Safety and OSHA News

Employee died of ‘overwork’

“I’m working myself to death.” Officials in Japan take that notion seriously and are holding companies accountable. The latest case involves a restaurant manager.

A government labor official says a McDonald’s store manager who died of a brain hemorrhage was a victim of “karoshi” — death by overwork.

The 41-year-old woman had worked more than 80 hours of overtime per month on average for the six months before her death. She suffered from headaches for three weeks before the brain hemorrhage.

She collapsed during a training program and died in the hospital three days later.

The determination that work caused her death makes her dependent family members eligible to receive a public pension.

Japan’s welfare and labor ministry investigates whether deaths are caused by overwork if the employee worked 80 or more hours of overtime for the preceding six months or 100 hours for the previous one month.

The ministry attributes about 150 deaths each year to karoshi, usually through strokes or heart attacks.

Earlier this year, a judge ruled a man’s suicide was due to his working conditions and ordered his employer to pay 100 million yen ($1.2 million) to his surviving relatives.

A judge ruled the company, an agricultural co-operative, failed to fulfill its duty to ensure workplace safety and prevent his death.

Do you think it’s possible to determine if an employee’s stroke or heart attack was caused by working too many hours? Let us know in the Comments Box below.

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  • Eric

    I don’t know. When I was younger, much younger, I averaged 70 hours a week for about 3 years and I lived through it. It was hard work too, in a cotton mill, not pushing papers or anything like that. Almost positive that I wouldn’t survive it now though, but you do what you have to do when you have a family.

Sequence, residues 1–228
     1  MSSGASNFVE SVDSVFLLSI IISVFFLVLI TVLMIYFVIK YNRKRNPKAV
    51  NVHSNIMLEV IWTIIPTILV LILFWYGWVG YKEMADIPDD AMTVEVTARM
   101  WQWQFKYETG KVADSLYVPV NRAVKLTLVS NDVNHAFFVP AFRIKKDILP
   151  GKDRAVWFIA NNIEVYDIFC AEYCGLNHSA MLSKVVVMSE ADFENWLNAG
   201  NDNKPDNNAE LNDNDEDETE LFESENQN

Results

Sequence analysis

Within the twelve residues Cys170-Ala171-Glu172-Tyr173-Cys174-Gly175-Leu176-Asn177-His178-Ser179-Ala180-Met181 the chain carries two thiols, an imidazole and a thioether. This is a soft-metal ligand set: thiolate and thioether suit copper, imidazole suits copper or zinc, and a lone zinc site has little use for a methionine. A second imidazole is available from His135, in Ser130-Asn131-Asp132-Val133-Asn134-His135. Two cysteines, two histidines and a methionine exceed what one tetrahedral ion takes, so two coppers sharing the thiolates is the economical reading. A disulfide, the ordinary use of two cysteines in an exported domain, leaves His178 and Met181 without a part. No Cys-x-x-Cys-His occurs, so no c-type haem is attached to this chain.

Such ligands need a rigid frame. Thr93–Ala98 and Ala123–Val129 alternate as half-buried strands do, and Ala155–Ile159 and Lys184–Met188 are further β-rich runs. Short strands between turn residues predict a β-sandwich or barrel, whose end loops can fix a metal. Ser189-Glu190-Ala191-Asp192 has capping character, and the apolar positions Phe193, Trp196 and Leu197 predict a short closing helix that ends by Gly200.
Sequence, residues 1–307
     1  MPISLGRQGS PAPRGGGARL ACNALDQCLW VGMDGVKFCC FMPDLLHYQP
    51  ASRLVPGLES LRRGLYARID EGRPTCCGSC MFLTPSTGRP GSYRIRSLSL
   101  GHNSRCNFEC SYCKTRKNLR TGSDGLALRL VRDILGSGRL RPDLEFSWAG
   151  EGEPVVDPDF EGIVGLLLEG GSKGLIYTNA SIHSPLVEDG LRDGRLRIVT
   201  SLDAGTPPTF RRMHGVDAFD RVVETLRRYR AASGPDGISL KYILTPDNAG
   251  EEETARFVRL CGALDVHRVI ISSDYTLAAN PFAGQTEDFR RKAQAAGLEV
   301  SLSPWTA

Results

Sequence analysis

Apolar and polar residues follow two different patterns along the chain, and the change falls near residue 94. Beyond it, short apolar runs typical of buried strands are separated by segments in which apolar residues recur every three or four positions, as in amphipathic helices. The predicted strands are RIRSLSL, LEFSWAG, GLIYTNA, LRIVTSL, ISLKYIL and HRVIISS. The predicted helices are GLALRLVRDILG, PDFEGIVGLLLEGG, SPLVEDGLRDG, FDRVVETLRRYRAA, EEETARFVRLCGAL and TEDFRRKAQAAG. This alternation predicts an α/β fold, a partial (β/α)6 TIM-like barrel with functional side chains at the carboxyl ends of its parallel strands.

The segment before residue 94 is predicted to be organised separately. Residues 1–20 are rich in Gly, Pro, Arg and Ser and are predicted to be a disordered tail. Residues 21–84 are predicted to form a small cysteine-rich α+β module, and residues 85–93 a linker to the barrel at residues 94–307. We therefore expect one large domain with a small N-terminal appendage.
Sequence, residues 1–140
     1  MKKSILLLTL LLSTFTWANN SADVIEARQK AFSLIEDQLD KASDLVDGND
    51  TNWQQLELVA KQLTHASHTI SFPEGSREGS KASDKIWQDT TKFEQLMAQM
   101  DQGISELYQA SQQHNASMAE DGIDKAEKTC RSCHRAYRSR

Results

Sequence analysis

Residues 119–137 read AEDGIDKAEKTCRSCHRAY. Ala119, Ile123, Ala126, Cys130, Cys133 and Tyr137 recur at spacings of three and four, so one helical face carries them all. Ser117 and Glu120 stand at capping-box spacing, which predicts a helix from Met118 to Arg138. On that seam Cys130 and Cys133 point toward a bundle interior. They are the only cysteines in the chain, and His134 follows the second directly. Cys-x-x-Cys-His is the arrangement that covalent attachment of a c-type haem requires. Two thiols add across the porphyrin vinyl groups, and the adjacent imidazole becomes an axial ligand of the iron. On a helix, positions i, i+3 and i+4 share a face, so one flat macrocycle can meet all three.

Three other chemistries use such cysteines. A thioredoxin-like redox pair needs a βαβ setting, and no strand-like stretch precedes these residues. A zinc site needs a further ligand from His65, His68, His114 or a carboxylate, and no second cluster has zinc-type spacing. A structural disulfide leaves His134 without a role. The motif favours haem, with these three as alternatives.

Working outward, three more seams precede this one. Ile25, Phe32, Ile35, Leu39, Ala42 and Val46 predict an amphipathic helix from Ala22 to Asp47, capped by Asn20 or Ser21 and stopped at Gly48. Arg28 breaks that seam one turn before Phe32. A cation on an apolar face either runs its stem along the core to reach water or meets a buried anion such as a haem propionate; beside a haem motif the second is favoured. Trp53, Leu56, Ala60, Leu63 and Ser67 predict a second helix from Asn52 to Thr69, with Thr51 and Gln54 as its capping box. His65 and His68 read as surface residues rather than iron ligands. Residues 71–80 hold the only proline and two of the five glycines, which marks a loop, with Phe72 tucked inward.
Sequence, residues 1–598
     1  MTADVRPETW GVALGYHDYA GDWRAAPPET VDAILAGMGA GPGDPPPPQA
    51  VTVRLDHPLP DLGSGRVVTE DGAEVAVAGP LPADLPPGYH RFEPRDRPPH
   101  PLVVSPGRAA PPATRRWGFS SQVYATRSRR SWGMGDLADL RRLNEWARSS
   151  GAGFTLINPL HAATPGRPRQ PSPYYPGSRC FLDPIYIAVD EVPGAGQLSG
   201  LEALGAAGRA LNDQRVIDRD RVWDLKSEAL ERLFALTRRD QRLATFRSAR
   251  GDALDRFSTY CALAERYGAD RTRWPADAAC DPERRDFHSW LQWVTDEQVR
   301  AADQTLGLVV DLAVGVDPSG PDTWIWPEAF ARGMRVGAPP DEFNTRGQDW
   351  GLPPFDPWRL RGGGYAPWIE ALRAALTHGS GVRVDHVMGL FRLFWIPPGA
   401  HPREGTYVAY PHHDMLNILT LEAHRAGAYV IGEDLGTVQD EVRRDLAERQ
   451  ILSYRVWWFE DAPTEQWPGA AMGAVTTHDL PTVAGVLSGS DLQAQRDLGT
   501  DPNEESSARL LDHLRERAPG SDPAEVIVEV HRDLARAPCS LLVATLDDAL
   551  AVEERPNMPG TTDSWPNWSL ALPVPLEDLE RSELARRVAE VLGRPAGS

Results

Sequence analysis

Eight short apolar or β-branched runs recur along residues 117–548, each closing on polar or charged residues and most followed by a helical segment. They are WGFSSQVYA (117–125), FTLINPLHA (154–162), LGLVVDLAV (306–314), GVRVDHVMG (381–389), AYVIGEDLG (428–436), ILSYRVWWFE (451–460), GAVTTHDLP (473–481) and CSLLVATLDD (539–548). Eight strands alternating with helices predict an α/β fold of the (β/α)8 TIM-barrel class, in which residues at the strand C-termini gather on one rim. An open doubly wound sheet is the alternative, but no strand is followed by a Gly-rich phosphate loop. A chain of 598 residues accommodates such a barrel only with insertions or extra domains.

• Lisa

    I think it is possible to have health problems from overwork. However, that being said, only you have the power to control your health. Make the choice to cut back on the hours, look for another job or move to another area that promotes better living. Too many people let life happen to them instead of making life happen.

  • Daniel

    There is a lot of pressure in the Japanese culture to overwork. I work with a lot of Japanese at a Japanese company, and they work at least 12-14 hours a day. I’ve heard that 20 years ago, some Japanese would work almost 20 hours a day and sleep in cots that they left in their office! It’s more than just making the choice to work less. You have to completely change the mindset and culture of these people. Most of their self-esteem comes from how successful they are at work. It’s a miserable life, but that’s all a lot of them know.

  • T.C.

    Common problem in our culture and others. People are not forced but compelled to work by the culture that says you must do what is necessary to get the job done. Ive worked in excess of 50 hrs a week for the last 30 years. Wish I could get some of those back now that Im nearing retirement.

  • Mike J.